May 27, 2005
By Jason Krump
WSU Athletic Media Relations
June 2, 2005 is a date that former major league baseball player Wesley Stock has been looking forward to for a long time.
Nearly a half century.
That Thursday, 49 years after attending Washington State University (at that time Washington State College), Stock will receive his bachelor's degree from President Emeritus Sam Smith.
Stock will receive his degree during the dinner program at the King County Cougar Club Classic at Meridian Valley Country Club in Kent, Wash. As then WSU President, Smith signed the diploma in 1986. Smith is planning to wear his presidential cap and gown and Stock will also wear a graduation cap and gown for the presentation.
"I was really surprised," Stock said of first hearing the news that he will receive his degree. "This is what my mother always wanted."
Stock, who compiled a 27-13 record during his nine-year major league career as a relief pitcher for the Baltimore Orioles and Kansas City Athletics, attended WSC from 1953-56. A pitcher for Buck Bailey's Cougar baseball team, Stock signed a professional contract with the Orioles in 1956 and left school a few hours shy of completing his degree requirements.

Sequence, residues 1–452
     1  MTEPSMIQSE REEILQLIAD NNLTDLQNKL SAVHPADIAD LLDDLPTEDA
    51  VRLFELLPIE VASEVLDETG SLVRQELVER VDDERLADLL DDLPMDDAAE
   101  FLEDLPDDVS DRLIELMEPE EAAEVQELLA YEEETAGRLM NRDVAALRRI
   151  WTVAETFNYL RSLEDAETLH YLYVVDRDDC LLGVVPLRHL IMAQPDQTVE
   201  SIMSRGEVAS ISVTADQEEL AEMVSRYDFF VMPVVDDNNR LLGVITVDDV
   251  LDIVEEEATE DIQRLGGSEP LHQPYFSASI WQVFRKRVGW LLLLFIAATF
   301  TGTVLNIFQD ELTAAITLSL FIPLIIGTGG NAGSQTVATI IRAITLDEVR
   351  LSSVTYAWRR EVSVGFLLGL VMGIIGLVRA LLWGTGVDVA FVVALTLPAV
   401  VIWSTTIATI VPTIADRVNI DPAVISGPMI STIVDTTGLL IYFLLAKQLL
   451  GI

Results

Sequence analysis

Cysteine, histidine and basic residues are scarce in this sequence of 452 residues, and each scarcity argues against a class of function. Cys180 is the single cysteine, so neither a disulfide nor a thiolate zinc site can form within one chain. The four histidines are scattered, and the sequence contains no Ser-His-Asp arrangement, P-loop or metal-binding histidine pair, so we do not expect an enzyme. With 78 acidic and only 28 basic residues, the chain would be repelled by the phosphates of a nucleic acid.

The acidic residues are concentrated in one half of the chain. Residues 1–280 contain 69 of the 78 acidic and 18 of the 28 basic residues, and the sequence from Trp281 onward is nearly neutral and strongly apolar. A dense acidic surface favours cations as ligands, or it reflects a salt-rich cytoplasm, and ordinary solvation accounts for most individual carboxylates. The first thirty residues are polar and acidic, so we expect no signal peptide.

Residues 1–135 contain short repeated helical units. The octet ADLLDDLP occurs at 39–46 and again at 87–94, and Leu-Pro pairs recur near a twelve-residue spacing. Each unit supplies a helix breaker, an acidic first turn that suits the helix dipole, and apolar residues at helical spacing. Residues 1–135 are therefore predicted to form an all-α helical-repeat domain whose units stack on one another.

Years later, WSU changed the number of hours required for a bachelor's degree from 128 to 120. Stock found himself in a category of people who could qualify for their degree, provided they had at least 120 hours completed and the appropriate academic college certified the person as completing all requirements for graduation.
The College of Education approved a degree for Stock in 1986 but it was not awarded. The degree has been in storage at the Lewis Alumni Center and was located when files were being cleaned out.
Bob Smawley, a longtime employee at WSU who now works at the alumni center, recognized Stock's name as a student-athlete during the time that Smawley was on the staff of the WSC athletic department.
Smawley contacted Stock at his home in Allyn, Wash., where he retired after 36 years in professional baseball, and informed Stock that his degree will finally be presented to him.
"When I left school I thought I was three hours short," the Shelton High graduate said. "I was really surprised to hear the news from Bob. To hear it from him was just as exciting as receiving my degree."
In addition to his .675 winning percentage, Stock ended his playing career with a 3.60 ERA and 22 saves. During the 1963 and 1964 seasons, Stock tallied a 15-3 record including a 7-0 mark in 1963. After his playing career ended in 1967, Stock went on to coach for several professional ball clubs, including the Seattle Mariners, where he served as a pitching coach from 1977-81 and a television commentator from 1982-83.